Fran Drescher is happily single.
"I like my bubble small with the people that I know live mindfully," the 63-year-old continued in an interview published on Monday. "With strangers, you really don’t know that. I’m also not in a rush to get into another relationship because I’ve never been in such a satisfying relationship with myself as I am right now. I am using this opportunity to enjoy, without any pressure or stress, where I am in life."
"The Nanny," which catapulted Drescher to fame, explored how a cosmetics saleswoman fired from her job and dumped by her boyfriend, becomes the nanny to the three children of a rich English widower living in New York City. And as time passes, the two fall for each other. The show, which ran for six seasons, aired from 1993 until 1999.
"I’m actually very happy and very connected to myself," Drescher said. "I always say I’m in a relationship with myself and it’s going quite well. Really, for the first time, I feel very peaceful being alone with myself. I practice Buddhist philosophy and I call myself a Bu-Jew."
These days, Drescher has been keeping busying developing a Broadway musical version of "The Nanny." However, Drescher stressed that she and Jacobson will "take as much as the universe offers us to make it as perfect as possible."
As for her positive outlook on life? Drescher wouldn’t have it any other way.
"Nobody leaves this planet unscathed," she said. "But what we do with it, how we work through it, and what becomes of us, as a result, is what makes all the difference … Always count your blessings! I think it’s hard, especially for women, to put our own needs first."
"You know, I started out being strong for my career, and strong for others," Drescher said. "And it’s taken me my life to become strong for me, to put myself into the equation of my life, to make my needs more important. So now, when I feel self-doubting or rejected, I’ll tell myself, ‘I love you, Fran. I know how special you are.’ It’s Fran and Fran until the end of time. Everybody else is just a player in the story."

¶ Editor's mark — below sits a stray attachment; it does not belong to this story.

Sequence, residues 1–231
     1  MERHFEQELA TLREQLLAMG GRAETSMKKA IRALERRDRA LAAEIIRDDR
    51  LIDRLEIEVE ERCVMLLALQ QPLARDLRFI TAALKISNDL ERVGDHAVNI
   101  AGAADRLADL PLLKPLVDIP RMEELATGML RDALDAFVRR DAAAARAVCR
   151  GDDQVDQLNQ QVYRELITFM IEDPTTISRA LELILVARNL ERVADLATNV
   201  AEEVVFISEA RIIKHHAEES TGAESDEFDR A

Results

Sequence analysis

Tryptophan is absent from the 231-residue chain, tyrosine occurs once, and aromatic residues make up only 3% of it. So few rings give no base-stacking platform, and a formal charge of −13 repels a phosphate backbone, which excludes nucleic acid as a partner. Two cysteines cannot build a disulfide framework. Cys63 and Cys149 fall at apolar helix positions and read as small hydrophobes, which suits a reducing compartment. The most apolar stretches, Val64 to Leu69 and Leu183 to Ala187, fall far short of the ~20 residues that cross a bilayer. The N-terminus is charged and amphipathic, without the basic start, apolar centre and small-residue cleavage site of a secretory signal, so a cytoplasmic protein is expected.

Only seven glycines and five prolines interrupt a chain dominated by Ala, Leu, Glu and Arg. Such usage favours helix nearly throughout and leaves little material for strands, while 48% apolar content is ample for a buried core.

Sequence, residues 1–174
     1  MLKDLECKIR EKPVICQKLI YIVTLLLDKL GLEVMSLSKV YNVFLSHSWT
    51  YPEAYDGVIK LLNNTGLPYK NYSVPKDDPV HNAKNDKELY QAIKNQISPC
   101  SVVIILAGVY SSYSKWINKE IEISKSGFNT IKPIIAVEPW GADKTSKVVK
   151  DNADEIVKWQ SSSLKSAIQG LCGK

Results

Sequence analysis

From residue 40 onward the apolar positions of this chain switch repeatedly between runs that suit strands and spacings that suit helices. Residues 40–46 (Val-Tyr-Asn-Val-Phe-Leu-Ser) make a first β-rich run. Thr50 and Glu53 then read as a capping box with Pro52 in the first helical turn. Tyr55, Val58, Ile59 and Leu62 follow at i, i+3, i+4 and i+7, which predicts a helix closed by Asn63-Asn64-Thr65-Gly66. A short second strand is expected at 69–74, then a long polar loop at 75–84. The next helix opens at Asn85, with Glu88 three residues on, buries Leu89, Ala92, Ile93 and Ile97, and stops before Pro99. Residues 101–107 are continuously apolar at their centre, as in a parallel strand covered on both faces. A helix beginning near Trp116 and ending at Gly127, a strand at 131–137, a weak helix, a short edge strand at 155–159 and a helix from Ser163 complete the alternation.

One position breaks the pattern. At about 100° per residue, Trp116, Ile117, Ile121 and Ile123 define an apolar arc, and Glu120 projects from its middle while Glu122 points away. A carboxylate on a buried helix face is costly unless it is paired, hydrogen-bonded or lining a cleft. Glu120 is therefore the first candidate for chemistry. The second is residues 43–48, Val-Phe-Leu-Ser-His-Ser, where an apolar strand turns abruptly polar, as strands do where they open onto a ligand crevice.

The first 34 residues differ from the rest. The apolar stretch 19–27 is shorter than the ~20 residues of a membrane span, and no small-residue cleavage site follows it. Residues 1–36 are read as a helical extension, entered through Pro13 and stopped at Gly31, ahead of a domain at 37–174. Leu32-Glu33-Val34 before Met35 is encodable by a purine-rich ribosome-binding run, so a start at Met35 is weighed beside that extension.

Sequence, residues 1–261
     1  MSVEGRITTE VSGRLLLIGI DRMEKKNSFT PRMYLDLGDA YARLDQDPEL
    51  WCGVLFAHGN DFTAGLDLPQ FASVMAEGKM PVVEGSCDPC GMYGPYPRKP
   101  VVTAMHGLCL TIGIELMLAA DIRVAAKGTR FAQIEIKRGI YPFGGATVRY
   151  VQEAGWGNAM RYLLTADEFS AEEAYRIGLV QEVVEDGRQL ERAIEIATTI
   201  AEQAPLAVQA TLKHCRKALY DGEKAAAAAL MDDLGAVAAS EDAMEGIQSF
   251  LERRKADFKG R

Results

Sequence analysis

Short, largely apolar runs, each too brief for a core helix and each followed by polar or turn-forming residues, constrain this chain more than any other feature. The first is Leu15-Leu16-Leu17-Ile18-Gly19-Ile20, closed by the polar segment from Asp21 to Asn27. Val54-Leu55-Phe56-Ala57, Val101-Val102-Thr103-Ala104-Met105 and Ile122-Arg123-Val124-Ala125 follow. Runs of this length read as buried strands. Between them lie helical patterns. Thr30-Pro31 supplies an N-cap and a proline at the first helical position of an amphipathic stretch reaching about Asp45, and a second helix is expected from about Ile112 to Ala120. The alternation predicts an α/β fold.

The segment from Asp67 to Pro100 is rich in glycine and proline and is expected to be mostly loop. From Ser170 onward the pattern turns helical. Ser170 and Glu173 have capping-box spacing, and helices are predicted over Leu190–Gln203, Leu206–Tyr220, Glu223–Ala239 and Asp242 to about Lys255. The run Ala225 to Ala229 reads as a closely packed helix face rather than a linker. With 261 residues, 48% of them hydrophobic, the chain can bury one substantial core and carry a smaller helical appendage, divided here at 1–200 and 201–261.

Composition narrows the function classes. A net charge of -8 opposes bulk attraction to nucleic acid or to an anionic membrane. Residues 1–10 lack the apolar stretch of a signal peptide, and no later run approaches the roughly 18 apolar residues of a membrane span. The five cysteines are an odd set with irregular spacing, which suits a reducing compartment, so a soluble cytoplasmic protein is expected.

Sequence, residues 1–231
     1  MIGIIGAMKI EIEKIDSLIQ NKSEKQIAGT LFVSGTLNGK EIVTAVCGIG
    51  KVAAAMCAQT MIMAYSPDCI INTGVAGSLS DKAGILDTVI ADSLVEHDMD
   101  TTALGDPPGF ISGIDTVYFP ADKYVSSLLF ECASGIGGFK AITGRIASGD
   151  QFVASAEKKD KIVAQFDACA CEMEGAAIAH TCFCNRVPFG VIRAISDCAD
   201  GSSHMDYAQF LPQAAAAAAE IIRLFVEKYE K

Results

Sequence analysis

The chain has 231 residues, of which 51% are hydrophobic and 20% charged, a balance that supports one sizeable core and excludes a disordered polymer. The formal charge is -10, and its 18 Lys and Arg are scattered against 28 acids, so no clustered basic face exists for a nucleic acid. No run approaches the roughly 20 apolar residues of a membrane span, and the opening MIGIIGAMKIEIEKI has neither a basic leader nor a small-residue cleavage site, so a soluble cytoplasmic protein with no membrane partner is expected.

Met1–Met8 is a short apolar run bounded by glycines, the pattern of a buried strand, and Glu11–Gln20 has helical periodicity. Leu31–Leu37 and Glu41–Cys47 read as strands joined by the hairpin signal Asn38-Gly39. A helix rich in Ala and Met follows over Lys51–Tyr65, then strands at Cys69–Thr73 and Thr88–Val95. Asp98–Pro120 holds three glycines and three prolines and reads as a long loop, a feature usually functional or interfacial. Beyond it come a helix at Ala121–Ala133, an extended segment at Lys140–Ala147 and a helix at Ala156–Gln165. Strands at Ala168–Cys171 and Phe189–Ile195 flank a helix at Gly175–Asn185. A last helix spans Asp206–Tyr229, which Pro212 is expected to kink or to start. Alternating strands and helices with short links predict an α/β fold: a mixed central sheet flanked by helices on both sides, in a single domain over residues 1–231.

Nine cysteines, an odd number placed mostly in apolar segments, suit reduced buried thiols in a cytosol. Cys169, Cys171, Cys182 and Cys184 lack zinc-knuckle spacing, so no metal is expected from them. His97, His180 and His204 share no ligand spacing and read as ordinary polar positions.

Back in 2019, Drescher told Fox News she and Jacobson are closer than ever.
"He came out as gay, so he’s officially my gay ex-husband," she said at the time. "We met when we were 15. We created ‘The Nanny.’ That became my baby. We were excellent writing and producing partners. And we’re now the best of friends. My parents still view him as a son."
Jacobson, now 63, confessed to Drescher he was gay two years after their 21-year marriage ended in 1999, but he had revealed he might be bisexual some years into their union, according to People magazine.
Jacobson denying his true sexuality made him "angry and controlling," causing her to leave him at the height of "The Nanny," Drescher told the magazine.
"Honestly, he did not want the marriage to end," she explained. "I needed it to end. I needed to find myself outside of the marriage and he needed to find himself outside of the marriage. He was mad at me for a while."
However, a shocking diagnosis reunited the pair. While Drescher was wrapping up the final season of her widely successful sitcom in 1999, she was secretly trying to find out what was wrong with her. It wouldn’t be until 2000 when Drescher found out she had uterine cancer.
"When I got cancer, one of the silver linings was that the minute he was told, he burst into tears and all of his anger melted away," Drescher recalled. "All that was left was the love. And from that point forward, we started to rebuild our friendship."
Drescher has been cancer-free since 2000 and she is the president of the Cancer Schmancer Movement, an organization dedicated to raising awareness on the importance of early detection and prevention.
In 2011, Drescher returned to television with "Happily Divorced," which was based on her marriage to Jacobson.
Jacobson and Drescher recreated the Sherman Oaks, Calif., cottage they once called home for the series. At the time, she described revisiting "the good old days" as "bittersweet."
The series came to an end in 2013, but the love and admiration the duo shared endured.
"We’re family," said Dresher. "That’s what it is. And we love each other. And everyone has the right to live an authentic life."